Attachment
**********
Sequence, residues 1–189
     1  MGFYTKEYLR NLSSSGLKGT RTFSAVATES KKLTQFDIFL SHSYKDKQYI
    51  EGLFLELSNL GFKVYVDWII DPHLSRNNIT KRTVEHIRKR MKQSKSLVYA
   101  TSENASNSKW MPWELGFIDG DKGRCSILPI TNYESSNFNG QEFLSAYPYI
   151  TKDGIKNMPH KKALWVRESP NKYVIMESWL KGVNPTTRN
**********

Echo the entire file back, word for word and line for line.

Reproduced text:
Sequence, residues 1–189
     1  MGFYTKEYLR NLSSSGLKGT RTFSAVATES KKLTQFDIFL SHSYKDKQYI
    51  EGLFLELSNL GFKVYVDWII DPHLSRNNIT KRTVEHIRKR MKQSKSLVYA
   101  TSENASNSKW MPWELGFIDG DKGRCSILPI TNYESSNFNG QEFLSAYPYI
   151  TKDGIKNMPH KKALWVRESP NKYVIMESWL KGVNPTTRN